A Korean student (Kang) who has clearly failed a test offers a bribe which turns into a means of blackmail. Larry’s oversexed neighbor who sunbathes in the nude has become not so much a sexual fantasy so much as a sexual nightmare that further emasculates him. To top it all off, the tenure which seemed to be a sure thing is now in jeopardy due to anonymous libelous letters that urge the university regents not to grant Larry tenure. It’s enough to make Larry go scrambling first for the shrink, then to the rabbis. Yes, plural.

The Coen Brothers are some of the most gifted filmmakers of the past 20 years, with a string of movies that aren’t just well-made but are among my favorites. Certainly when you go down the list of their films – Raising Arizona, Fargo, The Big Lebowski, O Brother Where Art Thou, No Country for Old Men – and that’s just a partial list, there’s bound to be at least one or two that you’re fond of as well.

Here, the Coens explore their own inner Jewishness and certainly their own background as they were raised in a similar suburb of Minneapolis during the same time period here. I’m not sure if Aaron is a surrogate for the brothers but he might very well be.

I’ve always admired the Coens for their quirky sensibility and their offbeat humor and both qualities are in evidence here, to even greater effect. Those who prefer their storytelling done straight up will probably find the Coens an unpleasant taste, too Dr. Pepper in a world of colas.

This is a movie to my mind that is about the nature of suffering and the sheer randomness of it. It is appropriate that this is set in a Jewish background for if any ethnic group knows suffering, it’s them. There is plenty of sardonic humor but also a sense of bewilderment as if nobody involved with the movie can quite believe what’s going on in it.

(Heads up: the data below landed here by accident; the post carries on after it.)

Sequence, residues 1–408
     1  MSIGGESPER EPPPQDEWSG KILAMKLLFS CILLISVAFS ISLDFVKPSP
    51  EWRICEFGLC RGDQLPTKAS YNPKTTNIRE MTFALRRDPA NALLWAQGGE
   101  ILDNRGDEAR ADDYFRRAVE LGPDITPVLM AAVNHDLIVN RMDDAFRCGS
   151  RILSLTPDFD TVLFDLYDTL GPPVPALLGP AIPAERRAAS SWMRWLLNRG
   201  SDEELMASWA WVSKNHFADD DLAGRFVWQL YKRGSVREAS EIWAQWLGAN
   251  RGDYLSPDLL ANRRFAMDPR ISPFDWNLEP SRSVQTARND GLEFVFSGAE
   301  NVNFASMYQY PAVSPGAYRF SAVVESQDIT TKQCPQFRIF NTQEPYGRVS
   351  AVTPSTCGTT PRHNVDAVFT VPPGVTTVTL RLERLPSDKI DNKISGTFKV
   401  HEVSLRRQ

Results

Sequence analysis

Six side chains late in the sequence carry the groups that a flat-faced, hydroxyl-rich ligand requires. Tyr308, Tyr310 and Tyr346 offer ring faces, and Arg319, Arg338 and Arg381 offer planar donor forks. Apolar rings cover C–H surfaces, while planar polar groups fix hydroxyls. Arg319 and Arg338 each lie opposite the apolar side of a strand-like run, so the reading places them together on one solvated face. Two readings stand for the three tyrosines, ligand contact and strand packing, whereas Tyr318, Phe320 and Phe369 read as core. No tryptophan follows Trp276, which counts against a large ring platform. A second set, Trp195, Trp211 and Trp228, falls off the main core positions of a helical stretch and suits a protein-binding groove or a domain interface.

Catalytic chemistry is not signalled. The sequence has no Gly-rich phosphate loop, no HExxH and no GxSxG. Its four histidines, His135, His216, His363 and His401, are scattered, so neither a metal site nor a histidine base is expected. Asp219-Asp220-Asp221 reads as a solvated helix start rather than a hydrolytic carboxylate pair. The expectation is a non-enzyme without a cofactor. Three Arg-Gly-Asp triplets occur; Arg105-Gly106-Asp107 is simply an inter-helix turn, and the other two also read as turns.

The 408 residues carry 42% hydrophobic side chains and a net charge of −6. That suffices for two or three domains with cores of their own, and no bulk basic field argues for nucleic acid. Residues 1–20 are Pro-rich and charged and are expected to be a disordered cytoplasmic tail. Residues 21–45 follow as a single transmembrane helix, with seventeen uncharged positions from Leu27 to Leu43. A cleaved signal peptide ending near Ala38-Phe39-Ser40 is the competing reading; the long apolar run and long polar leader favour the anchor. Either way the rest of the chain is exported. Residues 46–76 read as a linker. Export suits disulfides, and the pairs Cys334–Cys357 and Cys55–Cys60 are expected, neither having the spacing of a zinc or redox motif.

Stuhlbarg, who has mostly been a stage actor throughout his career, does an extremely solid job here in what is essentially his first motion picture lead role. He captures the sense of being adrift on a sea of troubles with nothing but a life preserver to keep him afloat. Mostly he is surrounded by character actors whose names you may or may not recognize but whose faces you’ll immediately know.

There is a whole lot of kvetching in the movie, perhaps more than is necessary but then I’m just a goyim and I’m pretty sure I’m not supposed to get it. That’s all right, too. This isn’t essential to the Coen Brothers catalogue in the sense of entertainment, but if you really want to get to know the filmmakers, I suspect this will be the film that comes closest to allowing you in. As Roger Ebert said, this is clearly a labor of love and one that would only be allowed to be made by someone who has won an Oscar. The movie is filled with parables that don’t really clarify anything but then, most parables were meant to be mysterious anyway.

WHY RENT THIS: While offbeat, Coen Brothers movies tend to be well-made and interesting, and this one is no exception. Stuhlbarg, a relative unknown, gives a solid performance.

WHY RENT SOMETHING ELSE: This is very rooted in its Jewishness, which may make certain parts of the movie difficult to follow or relate to for non-Jews. The movie also meanders a bit.

FAMILY VALUES: There is a bit of foul language, a certain amount of sexuality and even a bit of brief nudity. Some of the thematic elements will go zooming over the heads of younger teens and the less mature.

TRIVIAL PURSUIT: The movie was filming in Bangkok during the September 19, 2006 coup d’état. The armory department claims they fired the only shots of the coup. Filming was only interrupted for six hours.

NOTABLE DVD EXTRAS: There is an educational tool that helps with the Yiddish and Hebrew phrases that are peppered throughout the movie.

BOX OFFICE PERFORMANCE: $31.4M on an unreported production budget; given what appear to be a pretty meager budget, I’d say the movie was probably a hit.

FINAL RATING: 5/10

TOMORROW: The Pink Panther 2